Hockey superstar Sidney Crosby will mark his 30th birthday by once again parading the Stanley Cup in his home province of Nova Scotia.
In tweets sent out by the Sidney Crosby Hockey School in Cole Harbour, N.S., residents were told Crosby would be hoisting the trophy in the streets of Halifax and Dartmouth as part of an annual civic parade.
"Get ready, the Stanley cup is coming to town!" Crosby confirmed in the tweet sent late Tuesday night. "I will be taking Lord Stanley to the streets Monday August 7th in the Halifax—Dartmouth Natal Day parade."
The parade, part of annual events that celebrate Halifax's birthday, also happens to fall on the Pittsburgh Penguins captain's 30th birthday — Aug. 7.
Natal Day chairman Greg Hayward said he expects another 25,000 people will be lining the parade route on top of the roughly 40,000 usual attendees.
"It's extremely exciting to think that we're going to have Sid and the Cup in our Natal Day parade," Hayward said in an interview Wednesday.
Hayward said Crosby's people had approached him roughly 10 days ago about his possible inclusion in the parade, but it wasn't confirmed until he saw the tweet Tuesday night.
"They had some certain requirements as far as Sidney and the Cup's safety go and they talked to me about that, and we must have given them all the right answers, because they came out last night and said, 'We're in'," said Hayward.
The four-kilometre parade starts at 10 a.m. on Gottingen Street in Halifax's north end and will travel across the Macdonald Bridge before ending up near Sullivan's Pond in Dartmouth.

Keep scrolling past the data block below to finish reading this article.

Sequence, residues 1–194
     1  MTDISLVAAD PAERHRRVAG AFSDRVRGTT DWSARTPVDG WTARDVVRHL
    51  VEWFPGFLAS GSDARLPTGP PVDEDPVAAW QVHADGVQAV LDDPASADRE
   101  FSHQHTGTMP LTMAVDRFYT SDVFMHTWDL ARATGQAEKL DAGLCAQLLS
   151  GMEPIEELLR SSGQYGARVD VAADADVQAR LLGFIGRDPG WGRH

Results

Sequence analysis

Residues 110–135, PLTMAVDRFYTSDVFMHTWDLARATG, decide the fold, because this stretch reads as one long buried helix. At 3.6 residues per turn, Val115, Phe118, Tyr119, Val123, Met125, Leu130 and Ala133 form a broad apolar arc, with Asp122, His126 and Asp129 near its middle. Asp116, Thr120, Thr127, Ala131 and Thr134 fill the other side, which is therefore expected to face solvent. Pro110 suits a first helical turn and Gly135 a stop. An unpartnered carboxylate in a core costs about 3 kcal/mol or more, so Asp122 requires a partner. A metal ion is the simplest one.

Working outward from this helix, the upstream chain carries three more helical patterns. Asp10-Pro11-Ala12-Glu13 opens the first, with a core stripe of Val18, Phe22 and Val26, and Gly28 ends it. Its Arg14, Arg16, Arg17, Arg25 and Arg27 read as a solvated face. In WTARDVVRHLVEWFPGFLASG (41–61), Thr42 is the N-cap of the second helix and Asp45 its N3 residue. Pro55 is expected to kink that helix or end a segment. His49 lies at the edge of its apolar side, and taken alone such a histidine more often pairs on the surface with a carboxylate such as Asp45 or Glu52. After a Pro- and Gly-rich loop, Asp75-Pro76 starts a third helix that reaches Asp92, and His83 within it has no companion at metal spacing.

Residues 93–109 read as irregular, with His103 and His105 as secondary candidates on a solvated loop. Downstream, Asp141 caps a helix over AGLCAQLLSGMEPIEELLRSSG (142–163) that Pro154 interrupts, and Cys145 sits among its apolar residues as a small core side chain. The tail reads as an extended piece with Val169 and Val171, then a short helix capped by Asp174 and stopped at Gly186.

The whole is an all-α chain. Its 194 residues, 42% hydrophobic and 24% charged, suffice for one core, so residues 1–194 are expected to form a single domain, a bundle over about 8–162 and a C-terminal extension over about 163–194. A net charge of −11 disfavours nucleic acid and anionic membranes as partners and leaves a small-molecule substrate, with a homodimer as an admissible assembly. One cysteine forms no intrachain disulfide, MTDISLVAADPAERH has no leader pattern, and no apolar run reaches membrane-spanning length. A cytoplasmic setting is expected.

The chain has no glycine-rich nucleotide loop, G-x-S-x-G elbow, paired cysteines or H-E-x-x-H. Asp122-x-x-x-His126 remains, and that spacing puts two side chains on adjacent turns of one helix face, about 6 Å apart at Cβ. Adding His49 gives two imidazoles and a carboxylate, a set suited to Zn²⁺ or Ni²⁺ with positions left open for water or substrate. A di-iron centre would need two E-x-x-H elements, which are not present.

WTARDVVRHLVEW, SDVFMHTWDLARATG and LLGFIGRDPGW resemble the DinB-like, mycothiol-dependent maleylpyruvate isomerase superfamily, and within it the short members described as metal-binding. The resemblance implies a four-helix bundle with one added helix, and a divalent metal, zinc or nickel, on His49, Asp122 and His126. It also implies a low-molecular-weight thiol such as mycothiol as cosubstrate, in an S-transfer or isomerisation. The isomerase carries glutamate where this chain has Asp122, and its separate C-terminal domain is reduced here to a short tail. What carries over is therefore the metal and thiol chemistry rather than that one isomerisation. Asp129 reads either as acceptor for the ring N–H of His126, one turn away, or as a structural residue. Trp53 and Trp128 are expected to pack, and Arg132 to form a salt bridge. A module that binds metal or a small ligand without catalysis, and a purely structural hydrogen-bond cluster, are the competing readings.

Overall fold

Crosby has shown off professional hockey's most prestigious trophy twice before in his hometown of Cole Harbour, just outside Dartmouth, in 2009 and 2016.
Last July, Crosby carried the Cup in the back of a pickup that made its way to an arena in Cole Harbour as thousands of cheering fans looked on in sweltering heat.
At a news conference last Wednesday, Crosby recalled hoisting the Cup above his head many times as the truck crawled along the Forest Hills Parkway for just over half a kilometre.
"I had a little bit of a later night the night before, too, so it was tough," he told reporters at his hockey school in Cole Harbour, where he had stopped by to help coach some young players.
"But it was fun. To see everyone turn out, you see all the chairs and everyone camped out on the sides. It's an experience. When you think about bringing the Cup home, that's the snapshots you have, seeing the amount of people that are there."
Each player of the Cup-winning NHL team gets brief custody of the trophy.